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The Storyteller (Jodi Picoult) Summary & Study Guide

This Study Guide consists of approximately 46 pages of chapter summaries, quotes, character analysis, themes, and more - everything you need to sharpen your knowledge of The Storyteller (Jodi Picoult).
This section contains 756 words
(approx. 2 pages at 400 words per page)
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The Storyteller (Jodi Picoult) Summary & Study Guide Description

The Storyteller (Jodi Picoult) Summary & Study Guide includes comprehensive information and analysis to help you understand the book. This study guide contains the following sections:

This detailed literature summary also contains Quotes and a Free Quiz on The Storyteller (Jodi Picoult) by Jodi Picoult.

In Jodi Picoult's novel The Storyteller, baker Sage Singer works alone on the night shift at a small bakery and avoids people during the day, in both situations concealing from other people both a facial scar and the guilt she feels about the accident that caused it. When she forms an unlikely friendship with 95-year-old Josef Weber, she expects that all she will learn is to play chess with him, so it is a shock when he reveals that he was a guard at a Nazi concentration camp, and later that he wants her to help him die. Both the confession and the request turn Sage's world upside down, but eventually give her new insights into herself, her family, and the nature and purpose of forgiveness.

Twenty-five year old Sage Singer works at Our Daily Bread bakery in her small New Hampshire hometown. She welcomes the opportunity to work alone overnight because it helps her hide from the rest of the world, a habit she has formed since a car accident three years previously left her face scarred and her mother dead. Her relationship with a married undertaker (Adam) is a source of friction with her boss/best friend, Mary, but Sage does not feel she deserves any better.

Sage's life changes when she meets and becomes friends with ninety-five year old Josef Weber, a former German teacher and baseball coach beloved by the community. His reputation, however, is the main reason she is shocked when he confesses that he was an officer in Hitler's army and took part in the mass murders of Jews and other undesirables. He further surprises the Jewish Sage by first asking her to forgive him and then asking her to help him die. Sage immediately contacts the police, who put her in touch with Leo Stein, a thirty-seven year-old divorced attorney with the Department of Justice and passionate hunter of former Nazis. He is skeptical of her claim at first, but after further conversation becomes intrigued enough to ask her to prompt Josef for more information, and eventually to come to New Hampshire to investigate the case himself.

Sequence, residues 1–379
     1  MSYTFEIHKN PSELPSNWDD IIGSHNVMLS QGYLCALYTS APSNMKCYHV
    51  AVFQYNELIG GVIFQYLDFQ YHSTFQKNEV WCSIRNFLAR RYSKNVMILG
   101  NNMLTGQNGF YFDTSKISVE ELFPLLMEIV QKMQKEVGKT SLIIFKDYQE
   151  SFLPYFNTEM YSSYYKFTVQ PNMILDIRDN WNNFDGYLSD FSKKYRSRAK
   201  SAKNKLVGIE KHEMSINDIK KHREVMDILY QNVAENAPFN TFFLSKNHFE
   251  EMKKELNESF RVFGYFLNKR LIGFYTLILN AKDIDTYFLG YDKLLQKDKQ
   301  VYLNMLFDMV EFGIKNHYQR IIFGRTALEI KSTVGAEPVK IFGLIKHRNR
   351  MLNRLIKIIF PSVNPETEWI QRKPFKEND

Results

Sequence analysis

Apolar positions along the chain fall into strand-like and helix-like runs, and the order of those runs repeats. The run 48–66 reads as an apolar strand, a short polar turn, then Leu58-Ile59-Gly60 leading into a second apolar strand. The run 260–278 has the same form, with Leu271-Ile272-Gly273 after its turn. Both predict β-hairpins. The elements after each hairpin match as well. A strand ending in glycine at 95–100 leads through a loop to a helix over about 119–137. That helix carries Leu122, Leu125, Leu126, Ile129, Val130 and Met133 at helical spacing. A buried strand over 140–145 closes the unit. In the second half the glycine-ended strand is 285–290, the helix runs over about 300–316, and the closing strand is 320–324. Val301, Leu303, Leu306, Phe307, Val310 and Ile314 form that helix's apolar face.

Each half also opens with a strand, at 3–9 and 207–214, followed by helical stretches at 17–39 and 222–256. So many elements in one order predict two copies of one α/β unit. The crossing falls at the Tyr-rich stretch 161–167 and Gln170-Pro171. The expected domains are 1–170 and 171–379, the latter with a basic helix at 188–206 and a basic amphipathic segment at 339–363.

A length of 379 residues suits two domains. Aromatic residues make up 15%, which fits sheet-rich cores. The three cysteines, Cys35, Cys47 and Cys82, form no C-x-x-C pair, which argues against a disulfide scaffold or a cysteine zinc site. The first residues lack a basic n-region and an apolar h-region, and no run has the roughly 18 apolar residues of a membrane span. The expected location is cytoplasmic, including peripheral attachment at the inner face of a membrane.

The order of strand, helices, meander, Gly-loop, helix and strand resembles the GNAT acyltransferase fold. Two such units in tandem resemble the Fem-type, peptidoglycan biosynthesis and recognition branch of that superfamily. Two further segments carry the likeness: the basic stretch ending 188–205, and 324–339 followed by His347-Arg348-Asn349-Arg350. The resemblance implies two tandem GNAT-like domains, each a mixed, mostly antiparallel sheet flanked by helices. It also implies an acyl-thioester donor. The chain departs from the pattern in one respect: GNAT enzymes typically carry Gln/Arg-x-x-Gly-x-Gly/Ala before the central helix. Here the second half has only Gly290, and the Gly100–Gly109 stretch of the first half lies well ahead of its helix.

When Leo says that, if possible, they need an eyewitness who can identify Josef (who now says his name is actually Reiner Hartmann), Sage approaches her grandmother Minka, a native of Poland who was imprisoned in a concentration camp during the war. After some initial doubts, Minka agrees to tell her story to Sage and Leo. She describes an idyllic childhood in Poland that gradually disintegrated into horror as the Nazis moved all the Jews into ghettos and eventually to concentration camps. After all other members of Minka's family were murdered, she ended up in Auschwitz, where her knowledge of German gained her a job in the office of Franz Hartmann, an administrator at the camp and not nearly as innately cruel as his brother Reiner. Minka also tells Sage and Leo that in an effort to keep herself and other inmates sane, she wrote a lengthy story involving a young woman, two very different brothers, and a number of mythical creatures, using the only paper she has -- the backs of photos she takes from the belongings of dead prisoners. When Franz reads the story he becomes fascinated with it, seeing it as an allegory representing his brother and himself. He subtly gives Minka extra food and warm clothing on the condition that she write an additional ten pages each night and read them to him the following day. Their relatively peaceful relationship is challenged, however, when Reiner kills Minka's best friend in cold blood and Franz saves her (Minka's) life by beating her savagely and sending her away before Reiner can kill her too.

The description of the murder of Minka's friend is the evidence Leo needs to pursue a case against Josef, but first he must get Sage, with whom he has fallen in love, to obtain a recorded confession, which she does. Then, while Leo is preparing his case, Sage bakes a poisonous plant into a roll and gives it to Josef, fulfilling his request that she kill him. The next day, Sage goes to Josef's house with Leo, who is not surprised to find that such an elderly man has died. Sage is shocked, however, when she secretly learns that Josef was not Reiner Hartmann after all. Putting a few facts together, she realizes that Josef was actually Franz Hartmann and that he still retained Minka's story written on the backs of photos.

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